In January 2018, the Trump administration announced an array of PV tariffs on solar cells and modules imported into the United States. The new tariffs, which start at 30% and decline to 15% over a four year period, are expected to result in a price increase of 5-10% for new PV installations. What further effects can we anticipate as a result of the Trump tariffs, and how will they impact the PV manufacturing industry at large?
PV Manufacturing in the United States
The silicon solar cell was invented in the United States in 1954 by New Jersey-based Bell Laboratories. Solar cells first gained prominence with their incorporation onto the 1958 Vanguard I satellite. By the 1960s, American manufacturers had begun mass producing silicon PV cells, notably to power satellites during the space race. Ensuing decades would see dramatic increases in U.S. PV manufacturing capacity, as terrestrial solar cells were deemed a cost-effective power solution for a range of applications in the maritime and telecom sectors, as well as for off-grid homeowners.
For over thirty years, the United States was the undisputed global leader in solar photovoltaic manufacturing. But by 1990, the country was facing stiff competition from lower-cost manufacturing centers in Korea, China, Taiwan, and South-East Asia. The American PV manufacturing sector declined considerably throughout the 90s and 00s, as PV module prices dropped by roughly 90%.
About the Trump Administration PV Tariffs
Section 201, as referred to in shorthand, is a section of the Trade Act of 1974 (P.L. 93-618) that permits the President to grant temporary import relief, by raising import duties or imposing nontariff barriers on goods entering the United States that injure or threaten to injure domestic industries producing like goods. In 2017, a bankrupt, Chinese-owned module manufacturer with a plant in the U.S state of Georgia (Suniva) filed a 201 trade case with the U.S International Trade Commission (ITC). Shortly after, SolarWorld Americas, an Oregon-based PV manufacturer then-owned by SolarWorld Gmbh, joined the case. The basis of both companies’ claims was that the surge of Chinese-manufactured PV imports was causing serious injury to the American PV industry.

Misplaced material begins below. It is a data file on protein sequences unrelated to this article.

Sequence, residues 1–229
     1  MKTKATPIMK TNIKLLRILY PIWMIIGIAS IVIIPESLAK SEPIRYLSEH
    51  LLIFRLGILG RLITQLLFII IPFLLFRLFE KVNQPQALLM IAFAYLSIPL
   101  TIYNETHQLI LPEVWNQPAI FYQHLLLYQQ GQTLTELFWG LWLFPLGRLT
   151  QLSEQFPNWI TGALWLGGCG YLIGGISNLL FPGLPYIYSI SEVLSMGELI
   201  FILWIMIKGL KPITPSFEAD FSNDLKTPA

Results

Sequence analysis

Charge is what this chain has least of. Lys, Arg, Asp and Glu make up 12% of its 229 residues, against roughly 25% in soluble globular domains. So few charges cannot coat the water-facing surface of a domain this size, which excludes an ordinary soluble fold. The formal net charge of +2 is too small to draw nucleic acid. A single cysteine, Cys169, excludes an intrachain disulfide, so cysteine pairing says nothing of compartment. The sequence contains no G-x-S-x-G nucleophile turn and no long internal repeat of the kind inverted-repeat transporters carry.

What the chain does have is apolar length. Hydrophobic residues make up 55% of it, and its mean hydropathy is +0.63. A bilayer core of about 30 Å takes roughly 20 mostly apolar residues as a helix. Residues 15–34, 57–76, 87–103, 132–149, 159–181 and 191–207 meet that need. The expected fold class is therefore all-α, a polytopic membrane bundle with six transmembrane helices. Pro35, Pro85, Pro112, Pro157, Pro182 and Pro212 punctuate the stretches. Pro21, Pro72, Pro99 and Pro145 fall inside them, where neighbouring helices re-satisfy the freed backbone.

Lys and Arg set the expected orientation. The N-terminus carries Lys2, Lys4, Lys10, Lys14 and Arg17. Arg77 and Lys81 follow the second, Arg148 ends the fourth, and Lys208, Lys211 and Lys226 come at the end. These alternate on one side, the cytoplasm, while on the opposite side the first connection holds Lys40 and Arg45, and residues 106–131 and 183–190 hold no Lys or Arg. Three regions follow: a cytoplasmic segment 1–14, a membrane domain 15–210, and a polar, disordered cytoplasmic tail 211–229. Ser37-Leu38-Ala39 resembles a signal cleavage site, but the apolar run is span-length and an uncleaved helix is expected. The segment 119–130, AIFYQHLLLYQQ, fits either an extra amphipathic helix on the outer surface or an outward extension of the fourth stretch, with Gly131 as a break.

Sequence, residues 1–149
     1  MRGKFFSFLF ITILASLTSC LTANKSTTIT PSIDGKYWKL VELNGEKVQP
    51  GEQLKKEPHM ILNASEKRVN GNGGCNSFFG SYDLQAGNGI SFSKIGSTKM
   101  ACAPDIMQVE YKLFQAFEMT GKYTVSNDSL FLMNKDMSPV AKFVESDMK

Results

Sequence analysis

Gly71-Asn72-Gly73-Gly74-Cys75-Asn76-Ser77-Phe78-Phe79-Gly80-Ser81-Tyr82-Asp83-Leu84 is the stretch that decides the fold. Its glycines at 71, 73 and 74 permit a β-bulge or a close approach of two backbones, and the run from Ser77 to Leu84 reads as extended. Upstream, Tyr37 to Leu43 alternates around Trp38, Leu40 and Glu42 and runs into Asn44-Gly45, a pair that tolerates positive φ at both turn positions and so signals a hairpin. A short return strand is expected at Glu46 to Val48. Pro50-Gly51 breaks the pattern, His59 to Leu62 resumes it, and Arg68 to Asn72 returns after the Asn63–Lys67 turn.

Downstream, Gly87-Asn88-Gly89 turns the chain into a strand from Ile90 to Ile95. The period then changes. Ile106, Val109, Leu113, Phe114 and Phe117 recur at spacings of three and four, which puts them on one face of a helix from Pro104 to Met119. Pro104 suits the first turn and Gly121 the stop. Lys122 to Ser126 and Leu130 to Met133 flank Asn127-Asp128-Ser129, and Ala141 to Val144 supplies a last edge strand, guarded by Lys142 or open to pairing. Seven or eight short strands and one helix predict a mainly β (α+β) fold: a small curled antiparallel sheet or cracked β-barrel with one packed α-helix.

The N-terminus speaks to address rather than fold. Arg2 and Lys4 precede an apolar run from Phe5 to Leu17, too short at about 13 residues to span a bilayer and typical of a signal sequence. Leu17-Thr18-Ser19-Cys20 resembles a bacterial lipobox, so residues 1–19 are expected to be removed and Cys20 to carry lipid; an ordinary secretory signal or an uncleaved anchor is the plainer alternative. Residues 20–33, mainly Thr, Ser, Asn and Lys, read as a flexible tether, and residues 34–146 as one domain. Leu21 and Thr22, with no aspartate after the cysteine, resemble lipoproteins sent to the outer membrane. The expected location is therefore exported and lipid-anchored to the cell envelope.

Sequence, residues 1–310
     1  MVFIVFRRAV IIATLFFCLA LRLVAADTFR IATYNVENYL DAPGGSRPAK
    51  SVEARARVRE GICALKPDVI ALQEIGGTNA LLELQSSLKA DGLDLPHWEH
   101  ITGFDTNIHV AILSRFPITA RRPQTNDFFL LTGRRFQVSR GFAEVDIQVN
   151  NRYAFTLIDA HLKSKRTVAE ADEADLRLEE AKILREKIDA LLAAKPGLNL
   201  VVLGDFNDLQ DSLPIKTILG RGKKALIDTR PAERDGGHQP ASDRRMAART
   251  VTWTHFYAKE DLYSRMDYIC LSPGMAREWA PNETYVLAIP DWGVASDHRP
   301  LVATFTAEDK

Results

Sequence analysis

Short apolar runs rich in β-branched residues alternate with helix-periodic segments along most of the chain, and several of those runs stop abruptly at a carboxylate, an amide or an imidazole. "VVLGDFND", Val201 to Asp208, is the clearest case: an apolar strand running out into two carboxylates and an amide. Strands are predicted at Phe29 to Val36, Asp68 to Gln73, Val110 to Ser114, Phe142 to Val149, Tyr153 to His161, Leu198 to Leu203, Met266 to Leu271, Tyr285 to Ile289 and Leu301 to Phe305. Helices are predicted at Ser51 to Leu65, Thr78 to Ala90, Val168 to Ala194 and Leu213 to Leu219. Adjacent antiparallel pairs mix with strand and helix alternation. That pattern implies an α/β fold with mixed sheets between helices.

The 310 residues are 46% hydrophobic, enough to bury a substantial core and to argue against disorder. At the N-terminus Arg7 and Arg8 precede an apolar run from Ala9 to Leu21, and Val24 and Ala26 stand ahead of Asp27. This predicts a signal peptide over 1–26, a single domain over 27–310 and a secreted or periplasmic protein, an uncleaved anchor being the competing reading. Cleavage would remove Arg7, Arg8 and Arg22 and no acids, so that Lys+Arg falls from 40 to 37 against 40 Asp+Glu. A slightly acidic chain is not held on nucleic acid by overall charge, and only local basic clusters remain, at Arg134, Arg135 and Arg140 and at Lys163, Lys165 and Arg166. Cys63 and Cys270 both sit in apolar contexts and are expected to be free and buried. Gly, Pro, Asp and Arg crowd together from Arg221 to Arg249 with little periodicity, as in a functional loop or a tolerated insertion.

The imposition of tariffs based on 201 trade cases is rare. The last such example dates back to the 2000s, when the Bush administration imposed tariffs on imported steel. The World Trade Organization considers section 201 trade case tariffs illegal per international law.
Forecasting the Effect of U.S. PV Tariffs on Solar Manufacturing Worldwide
According to Greentech Media‘s inital estimates, the domestic impact of the Trump Administration’s 30% PV Tariffs will be evenly felt across the American residential, commercial, and utility-scale PV segments, resulting in a 10-15% drop in installed PV over the next five years. Most analysts agree such a drop would yield a net job loss for U.S-based photovoltaics industry workers, due to the fact that a majority of American PV sector jobs are related to the installation – not the production – of solar panels. But how will the tariffs play out on the global manufacturing front?
Due to advances in solar manufacturing and lower solar material costs, the cost of solar panels has fallen by at least 2% per year for the past several years. The combination of falling costs and enhancements to the global PV supply chain means Asian solar panel manufacturers will be unlikely to slow production as a result of U.S. tariffs. Ultimately, the Trump tariff may actually incentivize the acceleration of cost decreases over the next few years.
For over a decade, Targray PV material solutions have played an important part in making solar a competitive alternative to traditional energy sources. The company’s value-added solar modules, solar cells, and supply chain financing programs help PV manufacturers, EPCs, and solar project developers worldwide lower the cost-per-watt their solar energy solutions can deliver to end-users.